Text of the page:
In the former case the forced savings, as in a regular mortgage, was hidden in the ownership of the house in the form of home equity; in this case it's hidden in the cash-out value of the lease. In either case there's a long-run contract whose terms are breached by failing to make this conversion of liquid wealth into something less liquid. In both cases, the terms of the deal should be amenable to both a buyer and a seller on market terms, so that there should be no need for a government subsidy. It might be, though, that there's a status quo bias or coordination problem in the market, where there's little willingness to try these things because it isn't much done yet and wouldn't be worth working out for a one-off; it is also possible that the mortgage interest deduction and other terms of the tax code discourage this sort of thing. If the commanding heights in Washington think long-term home ownership for this class of people is a social good, creating some kind of tax incentive or subsidy to encourage REITs to do this might be an efficient way to do it with taxpayer money.

Monday, December 8, 2008

systemic risk

Banks should be required to sell short large baskets of each others' securities so as to reduce the correlation of their own likelihood of failing with that of other banks in the system.

Saturday, November 22, 2008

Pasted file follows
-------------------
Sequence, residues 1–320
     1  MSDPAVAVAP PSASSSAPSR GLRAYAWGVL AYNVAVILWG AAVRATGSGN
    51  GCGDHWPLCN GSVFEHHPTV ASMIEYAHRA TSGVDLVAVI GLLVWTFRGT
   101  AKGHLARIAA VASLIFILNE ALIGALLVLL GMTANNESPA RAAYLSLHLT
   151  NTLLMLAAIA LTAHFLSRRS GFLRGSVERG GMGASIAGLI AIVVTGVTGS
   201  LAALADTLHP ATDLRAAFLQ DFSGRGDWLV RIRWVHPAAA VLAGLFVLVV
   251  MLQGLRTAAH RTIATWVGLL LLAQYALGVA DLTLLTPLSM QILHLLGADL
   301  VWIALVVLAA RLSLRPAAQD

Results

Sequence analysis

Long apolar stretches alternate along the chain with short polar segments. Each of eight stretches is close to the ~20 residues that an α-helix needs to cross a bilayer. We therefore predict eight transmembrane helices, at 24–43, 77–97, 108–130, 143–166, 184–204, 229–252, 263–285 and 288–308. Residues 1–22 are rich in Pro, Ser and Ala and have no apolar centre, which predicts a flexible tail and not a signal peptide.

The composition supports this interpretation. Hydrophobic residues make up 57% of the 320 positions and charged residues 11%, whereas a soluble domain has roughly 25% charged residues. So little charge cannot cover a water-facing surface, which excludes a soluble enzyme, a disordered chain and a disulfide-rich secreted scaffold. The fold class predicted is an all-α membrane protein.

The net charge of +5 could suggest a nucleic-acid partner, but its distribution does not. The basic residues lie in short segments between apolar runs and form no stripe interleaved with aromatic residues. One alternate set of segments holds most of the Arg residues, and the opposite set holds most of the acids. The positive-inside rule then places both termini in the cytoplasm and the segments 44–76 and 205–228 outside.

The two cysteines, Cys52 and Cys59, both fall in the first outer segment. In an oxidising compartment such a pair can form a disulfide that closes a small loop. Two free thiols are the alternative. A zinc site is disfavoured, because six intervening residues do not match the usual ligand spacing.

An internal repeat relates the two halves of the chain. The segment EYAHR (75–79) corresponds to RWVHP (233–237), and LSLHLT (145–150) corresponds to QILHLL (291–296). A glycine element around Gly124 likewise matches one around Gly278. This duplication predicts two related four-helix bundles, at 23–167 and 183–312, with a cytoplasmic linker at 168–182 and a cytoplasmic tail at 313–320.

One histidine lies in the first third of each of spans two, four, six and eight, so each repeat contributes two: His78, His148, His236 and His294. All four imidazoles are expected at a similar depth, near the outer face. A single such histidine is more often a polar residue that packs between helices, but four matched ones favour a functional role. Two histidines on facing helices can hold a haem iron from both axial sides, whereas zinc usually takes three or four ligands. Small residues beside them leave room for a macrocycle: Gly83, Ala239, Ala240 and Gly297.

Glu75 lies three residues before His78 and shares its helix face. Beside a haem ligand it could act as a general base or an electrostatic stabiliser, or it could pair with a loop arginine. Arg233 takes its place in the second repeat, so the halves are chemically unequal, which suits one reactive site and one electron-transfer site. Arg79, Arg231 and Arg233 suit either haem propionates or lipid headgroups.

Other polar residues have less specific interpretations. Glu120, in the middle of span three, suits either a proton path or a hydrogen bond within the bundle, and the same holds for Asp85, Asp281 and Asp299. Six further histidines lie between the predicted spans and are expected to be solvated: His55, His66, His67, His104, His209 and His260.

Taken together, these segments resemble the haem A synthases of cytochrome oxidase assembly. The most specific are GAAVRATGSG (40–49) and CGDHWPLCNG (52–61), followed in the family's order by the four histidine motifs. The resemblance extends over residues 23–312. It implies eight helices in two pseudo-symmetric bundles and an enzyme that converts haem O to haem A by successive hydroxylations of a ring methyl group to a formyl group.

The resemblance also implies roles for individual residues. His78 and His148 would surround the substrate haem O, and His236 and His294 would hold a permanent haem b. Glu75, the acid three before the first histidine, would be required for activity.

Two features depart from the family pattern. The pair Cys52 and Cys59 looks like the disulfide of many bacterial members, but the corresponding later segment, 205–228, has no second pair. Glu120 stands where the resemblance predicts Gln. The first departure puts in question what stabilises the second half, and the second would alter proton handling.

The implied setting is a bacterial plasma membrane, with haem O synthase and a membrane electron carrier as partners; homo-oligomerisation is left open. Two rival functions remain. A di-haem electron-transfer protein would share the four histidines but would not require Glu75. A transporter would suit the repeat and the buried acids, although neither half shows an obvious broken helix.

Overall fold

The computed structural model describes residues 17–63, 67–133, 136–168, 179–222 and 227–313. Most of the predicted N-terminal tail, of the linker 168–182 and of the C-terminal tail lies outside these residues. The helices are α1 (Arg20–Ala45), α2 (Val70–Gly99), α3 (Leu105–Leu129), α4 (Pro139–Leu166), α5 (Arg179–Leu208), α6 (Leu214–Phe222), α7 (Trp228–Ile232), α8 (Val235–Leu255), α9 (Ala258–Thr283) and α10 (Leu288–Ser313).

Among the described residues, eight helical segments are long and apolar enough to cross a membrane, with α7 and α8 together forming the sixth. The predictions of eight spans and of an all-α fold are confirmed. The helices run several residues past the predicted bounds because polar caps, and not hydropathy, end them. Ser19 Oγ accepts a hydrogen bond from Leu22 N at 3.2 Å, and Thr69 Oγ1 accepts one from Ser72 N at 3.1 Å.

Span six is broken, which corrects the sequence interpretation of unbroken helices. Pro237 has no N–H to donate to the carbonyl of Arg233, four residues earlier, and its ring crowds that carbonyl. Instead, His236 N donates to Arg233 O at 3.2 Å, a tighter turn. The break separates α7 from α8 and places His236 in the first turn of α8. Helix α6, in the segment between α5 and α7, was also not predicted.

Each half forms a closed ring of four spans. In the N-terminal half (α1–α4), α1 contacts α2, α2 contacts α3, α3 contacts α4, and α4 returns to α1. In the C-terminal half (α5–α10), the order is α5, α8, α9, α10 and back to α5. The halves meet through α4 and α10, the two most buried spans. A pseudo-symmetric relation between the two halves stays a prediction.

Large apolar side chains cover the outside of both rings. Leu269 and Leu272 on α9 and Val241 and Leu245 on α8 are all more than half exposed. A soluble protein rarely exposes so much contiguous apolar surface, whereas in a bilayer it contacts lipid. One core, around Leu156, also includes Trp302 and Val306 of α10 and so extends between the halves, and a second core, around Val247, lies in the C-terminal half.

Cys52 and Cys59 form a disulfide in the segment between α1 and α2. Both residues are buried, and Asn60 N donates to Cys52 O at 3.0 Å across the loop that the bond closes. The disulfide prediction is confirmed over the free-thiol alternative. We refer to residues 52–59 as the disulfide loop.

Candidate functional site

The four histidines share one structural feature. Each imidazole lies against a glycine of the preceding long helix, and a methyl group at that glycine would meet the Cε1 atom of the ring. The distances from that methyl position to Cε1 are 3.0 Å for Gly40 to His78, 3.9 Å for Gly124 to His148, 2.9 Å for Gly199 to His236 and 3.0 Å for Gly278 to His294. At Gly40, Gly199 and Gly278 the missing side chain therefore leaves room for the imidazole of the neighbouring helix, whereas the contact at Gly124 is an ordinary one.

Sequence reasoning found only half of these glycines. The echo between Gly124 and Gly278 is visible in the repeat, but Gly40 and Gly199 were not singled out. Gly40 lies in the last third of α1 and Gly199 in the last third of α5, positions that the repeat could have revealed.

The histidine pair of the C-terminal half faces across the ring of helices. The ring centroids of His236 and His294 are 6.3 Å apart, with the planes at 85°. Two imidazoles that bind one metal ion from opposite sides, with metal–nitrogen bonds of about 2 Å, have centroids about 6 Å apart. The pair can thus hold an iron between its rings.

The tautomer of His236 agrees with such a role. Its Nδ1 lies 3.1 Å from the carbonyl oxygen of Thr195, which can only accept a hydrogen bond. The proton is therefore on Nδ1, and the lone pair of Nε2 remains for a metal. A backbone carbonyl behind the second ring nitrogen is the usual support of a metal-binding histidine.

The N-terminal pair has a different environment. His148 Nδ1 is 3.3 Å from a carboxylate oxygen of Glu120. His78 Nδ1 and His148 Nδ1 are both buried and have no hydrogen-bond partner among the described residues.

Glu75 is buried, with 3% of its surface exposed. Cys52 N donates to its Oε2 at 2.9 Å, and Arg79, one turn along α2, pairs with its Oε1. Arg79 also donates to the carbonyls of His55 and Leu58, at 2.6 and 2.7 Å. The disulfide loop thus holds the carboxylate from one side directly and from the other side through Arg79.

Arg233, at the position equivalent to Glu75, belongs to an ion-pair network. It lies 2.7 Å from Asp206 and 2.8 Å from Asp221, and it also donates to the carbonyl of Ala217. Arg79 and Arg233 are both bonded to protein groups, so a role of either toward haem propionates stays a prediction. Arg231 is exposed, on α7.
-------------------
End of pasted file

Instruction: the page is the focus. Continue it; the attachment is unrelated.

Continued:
external effects of propensities to save

There's reasonable concern by people — e.g. Warren Buffett — that low domestic savings rates for long periods of time will ultimately prove unsustainable, and will be corrected by a real depreciation in the dollar. This analysis takes place over a period of time for which money is typically supposed to be neutral; would a highly interconnected region of the United States experiencing a sustained (but unsustainable) low savings rate be expected ultimately to see local prices rise (and wages fall) relative to prices (and wages) nationally? I guess it seems reasonable. I might want to think about more details of the likely nature of such an imbalance.

If Arizona and Florida are, for some reason, less relatively conducive to productive work than to retirement than the rest of the country, you could see a sustainable low savings rate as current wealth flows to those states indefinitely. I suppose prices might end up higher there because of that, but if real wages rose to the same levels as the rest of the country, the comparative advantage in retirement would presumably wane.

The question of "sustainability" is likely more one of the stock of wealth accumulated than of purchase-related flows; in the case I just gave, the sun states are never in debt to the rest of the country. "Wealth", though, is hard to measure; net wealth is a concept related to expected future creation of consumer goods, not past flows (what you might call the "cost basis" of that wealth). In many contexts, especially on a large scale, one might expect one to proxy the other fairly well, but it is a macroeconomic fact that foreign investment from the United States tends to take the form of equity, while foreign investment from many other countries — certainly from Europe to the developing world, and from the rest of the world into the United States — more often takes the form of debt, such that observing changes in net flows of investment income makes the United States look like much less of a debtor nation than you would expect from looking at past trade deficits. (I.e. U.S. investors see a higher rate of return on their past investment than foreigners do.) Little in economics is very backward-looking; the past is relevant insofar as it informs the future. These forward-looking indicators should be more meaningful.